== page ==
The United States, taking the helm of the APEC forum, hopes to spur green growth in the Asia-Pacific region by knocking down trade barriers on environmental goods, a senior official has said.
Top officials from the 21-member Asia Pacific Economic Cooperation forum are meeting this week in Washington to kick off a year that will culminate in a November summit in Hawaii. Secretary of State Hillary Clinton will address the forum on Wednesday to outline the US strategy.
Muhamad Noor, executive director of APEC, said Tuesday that the United States wanted to produce "deliverables." Last year's summit in Yokohama, Japan, called for progress on a long-mooted idea of a trans-Pacific free trade zone.
Noor, a veteran Malaysian trade negotiator, said that President Barack Obama's administration was putting a priority on green growth and on helping both sides of the Pacific to "transition to a clean energy future."
"APEC will accelerate efforts to address barriers to trade in environmental goods and services," Noor told reporters.
"It will also seek to remove barriers related to the importation of advanced technology demonstration products such as vehicles and remanufactured and recycled goods."
APEC includes China and the United States, which are by far the world's two biggest emitters of carbon blamed for the planet's steadily rising temperatures.
Noor said that APEC, sometimes criticized as a talking shop, did not intend to supplant the United Nations Framework Convention on Climate Change which is leading talks on an elusive successor to the Kyoto Protocol, but would seek to boost trade.
"If you are able to make this technology available to the developing nations, I think it will be a major contribution to the environment," Noor said.
"APEC will continue to work in our traditional way, building consensus on this."
Most nations agree on the need for technology transfer, but the details have been controversial during climate negotiations.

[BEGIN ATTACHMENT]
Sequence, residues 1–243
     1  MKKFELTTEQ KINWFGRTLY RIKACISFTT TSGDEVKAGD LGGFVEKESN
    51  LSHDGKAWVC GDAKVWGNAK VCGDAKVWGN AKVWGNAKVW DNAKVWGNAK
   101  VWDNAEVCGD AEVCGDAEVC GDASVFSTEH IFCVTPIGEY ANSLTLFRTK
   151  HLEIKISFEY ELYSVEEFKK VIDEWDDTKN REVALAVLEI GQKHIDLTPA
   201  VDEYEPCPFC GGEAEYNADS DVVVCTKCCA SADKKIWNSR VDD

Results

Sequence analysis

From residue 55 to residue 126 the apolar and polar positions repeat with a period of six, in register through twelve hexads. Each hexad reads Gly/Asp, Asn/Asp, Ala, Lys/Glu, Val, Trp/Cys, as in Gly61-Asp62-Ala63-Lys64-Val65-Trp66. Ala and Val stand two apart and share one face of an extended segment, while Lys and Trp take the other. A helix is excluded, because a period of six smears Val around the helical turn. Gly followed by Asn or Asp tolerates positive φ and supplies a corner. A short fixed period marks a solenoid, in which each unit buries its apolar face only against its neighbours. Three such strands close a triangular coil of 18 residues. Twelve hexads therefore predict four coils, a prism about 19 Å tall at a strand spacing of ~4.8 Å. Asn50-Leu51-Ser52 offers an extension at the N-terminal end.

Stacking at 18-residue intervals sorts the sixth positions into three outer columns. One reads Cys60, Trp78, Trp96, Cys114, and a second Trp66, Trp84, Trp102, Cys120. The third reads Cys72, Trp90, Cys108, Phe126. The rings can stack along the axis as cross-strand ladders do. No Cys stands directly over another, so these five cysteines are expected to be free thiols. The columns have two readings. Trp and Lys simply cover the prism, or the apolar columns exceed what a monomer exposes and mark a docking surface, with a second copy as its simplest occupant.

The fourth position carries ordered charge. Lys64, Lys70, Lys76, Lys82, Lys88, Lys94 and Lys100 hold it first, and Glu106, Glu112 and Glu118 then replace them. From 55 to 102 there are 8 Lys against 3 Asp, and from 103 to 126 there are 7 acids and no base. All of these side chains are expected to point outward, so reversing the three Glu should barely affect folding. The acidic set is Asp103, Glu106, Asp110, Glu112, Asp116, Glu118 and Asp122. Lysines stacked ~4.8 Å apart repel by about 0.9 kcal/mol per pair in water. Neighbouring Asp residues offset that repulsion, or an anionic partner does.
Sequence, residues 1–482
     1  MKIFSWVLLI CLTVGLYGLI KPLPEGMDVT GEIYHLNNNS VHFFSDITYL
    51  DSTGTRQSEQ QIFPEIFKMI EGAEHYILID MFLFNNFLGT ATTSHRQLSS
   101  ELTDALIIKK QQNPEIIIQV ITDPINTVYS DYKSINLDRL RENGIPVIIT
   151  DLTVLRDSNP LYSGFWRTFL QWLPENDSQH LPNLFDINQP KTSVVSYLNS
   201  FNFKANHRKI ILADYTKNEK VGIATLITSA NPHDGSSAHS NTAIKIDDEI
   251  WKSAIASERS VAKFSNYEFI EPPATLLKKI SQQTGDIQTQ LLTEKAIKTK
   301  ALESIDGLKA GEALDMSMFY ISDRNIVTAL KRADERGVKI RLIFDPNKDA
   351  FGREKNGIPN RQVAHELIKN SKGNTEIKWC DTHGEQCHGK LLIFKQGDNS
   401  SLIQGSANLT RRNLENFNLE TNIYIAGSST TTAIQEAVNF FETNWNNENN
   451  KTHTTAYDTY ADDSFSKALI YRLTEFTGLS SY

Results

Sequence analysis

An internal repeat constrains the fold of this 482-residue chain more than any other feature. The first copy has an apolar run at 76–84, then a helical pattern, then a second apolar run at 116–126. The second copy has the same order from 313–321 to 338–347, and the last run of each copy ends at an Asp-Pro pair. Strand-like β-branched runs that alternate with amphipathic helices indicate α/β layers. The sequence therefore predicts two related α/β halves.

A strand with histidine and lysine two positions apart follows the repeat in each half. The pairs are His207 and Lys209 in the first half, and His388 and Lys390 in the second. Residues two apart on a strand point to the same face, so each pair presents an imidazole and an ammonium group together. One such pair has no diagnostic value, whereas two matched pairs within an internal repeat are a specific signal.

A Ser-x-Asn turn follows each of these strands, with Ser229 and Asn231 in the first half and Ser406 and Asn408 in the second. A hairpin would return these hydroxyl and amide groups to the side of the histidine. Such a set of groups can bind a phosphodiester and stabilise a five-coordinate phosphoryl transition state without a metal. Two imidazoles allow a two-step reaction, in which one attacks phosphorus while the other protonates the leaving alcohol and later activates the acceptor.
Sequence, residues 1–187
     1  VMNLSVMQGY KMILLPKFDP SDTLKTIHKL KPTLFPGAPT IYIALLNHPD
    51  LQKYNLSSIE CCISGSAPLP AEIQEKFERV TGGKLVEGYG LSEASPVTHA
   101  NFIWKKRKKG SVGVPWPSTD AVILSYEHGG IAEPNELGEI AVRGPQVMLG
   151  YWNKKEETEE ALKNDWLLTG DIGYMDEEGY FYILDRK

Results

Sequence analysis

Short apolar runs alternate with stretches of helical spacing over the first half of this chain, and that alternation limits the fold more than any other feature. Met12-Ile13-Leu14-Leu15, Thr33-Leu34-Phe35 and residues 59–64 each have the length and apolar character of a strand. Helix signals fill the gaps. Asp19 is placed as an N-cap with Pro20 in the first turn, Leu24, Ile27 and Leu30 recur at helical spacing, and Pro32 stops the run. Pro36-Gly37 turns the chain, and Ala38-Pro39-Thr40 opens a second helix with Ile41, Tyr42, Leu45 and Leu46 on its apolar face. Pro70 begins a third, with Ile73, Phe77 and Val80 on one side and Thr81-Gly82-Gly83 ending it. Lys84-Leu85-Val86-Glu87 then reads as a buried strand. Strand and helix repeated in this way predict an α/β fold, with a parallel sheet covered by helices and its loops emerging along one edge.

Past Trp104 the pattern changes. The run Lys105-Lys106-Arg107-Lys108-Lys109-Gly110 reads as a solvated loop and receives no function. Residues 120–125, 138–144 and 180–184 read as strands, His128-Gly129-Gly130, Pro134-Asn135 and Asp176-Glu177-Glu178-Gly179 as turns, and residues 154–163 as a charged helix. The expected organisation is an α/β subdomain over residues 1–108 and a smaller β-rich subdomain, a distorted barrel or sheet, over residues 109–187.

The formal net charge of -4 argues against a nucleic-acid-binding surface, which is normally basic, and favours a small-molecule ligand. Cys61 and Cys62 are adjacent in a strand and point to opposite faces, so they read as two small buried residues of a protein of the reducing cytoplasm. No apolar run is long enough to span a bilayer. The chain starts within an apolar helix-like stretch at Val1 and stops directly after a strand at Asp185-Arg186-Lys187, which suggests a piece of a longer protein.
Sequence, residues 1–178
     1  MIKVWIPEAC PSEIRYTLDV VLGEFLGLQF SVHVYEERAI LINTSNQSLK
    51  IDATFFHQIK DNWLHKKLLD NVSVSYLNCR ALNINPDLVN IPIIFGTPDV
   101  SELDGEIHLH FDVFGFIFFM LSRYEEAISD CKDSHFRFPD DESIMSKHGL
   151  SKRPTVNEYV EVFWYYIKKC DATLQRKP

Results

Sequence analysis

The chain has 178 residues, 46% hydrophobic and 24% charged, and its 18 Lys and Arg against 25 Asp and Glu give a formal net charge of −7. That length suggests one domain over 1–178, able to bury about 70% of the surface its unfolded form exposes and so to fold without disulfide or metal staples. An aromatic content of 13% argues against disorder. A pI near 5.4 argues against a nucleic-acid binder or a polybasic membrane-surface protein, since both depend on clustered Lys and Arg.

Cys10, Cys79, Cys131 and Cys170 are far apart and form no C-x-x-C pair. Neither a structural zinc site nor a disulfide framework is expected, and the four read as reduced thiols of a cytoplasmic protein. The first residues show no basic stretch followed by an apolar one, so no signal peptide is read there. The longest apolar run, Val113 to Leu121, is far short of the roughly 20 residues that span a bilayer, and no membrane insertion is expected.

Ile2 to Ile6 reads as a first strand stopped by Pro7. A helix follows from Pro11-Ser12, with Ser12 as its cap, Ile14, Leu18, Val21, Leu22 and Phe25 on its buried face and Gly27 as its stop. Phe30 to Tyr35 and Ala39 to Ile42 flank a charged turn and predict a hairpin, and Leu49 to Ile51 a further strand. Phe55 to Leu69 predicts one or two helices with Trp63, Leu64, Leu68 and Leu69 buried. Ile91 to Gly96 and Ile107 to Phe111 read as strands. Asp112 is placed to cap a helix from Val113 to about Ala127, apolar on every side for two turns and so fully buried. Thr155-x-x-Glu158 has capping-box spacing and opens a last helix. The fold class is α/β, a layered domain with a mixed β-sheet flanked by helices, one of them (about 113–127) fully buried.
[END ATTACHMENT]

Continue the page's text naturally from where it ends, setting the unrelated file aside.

Wealthy nations want assurances that developing economies will respect intellectual property rights. Many developing states, meanwhile, say climate assistance should not be a substitute for wealthy states curbing carbon emissions.
UN-led talks in December in Cancun, Mexico, made headway, with nations agreeing to set up a new fund under the World Bank to administer billions of dollars in climate assistance.
However, the US Republican Party, which trounced Obama's Democrats in November congressional elections, is deeply skeptical of international efforts to combat climate change.
Noor said that the Obama administration also wanted to work at APEC to improve the regulatory environment and to develop a "more concrete vision" of the proposed APEC-wide Free Trade Area of the Asia Pacific.
In Yokohama last year, the United States and eight other Pacific Rim nations separately set a goal of forging their own free-trade pact -- called the Trans-Pacific Partnership (TPP) -- in time for the APEC summit in Hawaii.
Negotiators met in Chile in February and will gather again next month in Singapore on the TPP.
Australian Prime Minister Julia Gillard, who is visiting Washington, called the TPP a "key economic opportunity."
"Every so often we take a large step forward on trade arrangements -- and the TPP is shaping up as one of these," Gillard said at the US Chamber of Commerce.
But activist groups critical of free trade agreements have urged negotiators to release texts from the TPP, saying that the vast majority of people who would be affected by the deal are being left in the dark.
The TPP talks involve Australia, Brunei, Chile, Malaysia, New Zealand, Peru, Singapore, the United States and Vietnam. Prime Minister Naoto Kan also wants Japan to join talks but he faces staunch opposition from farmers.
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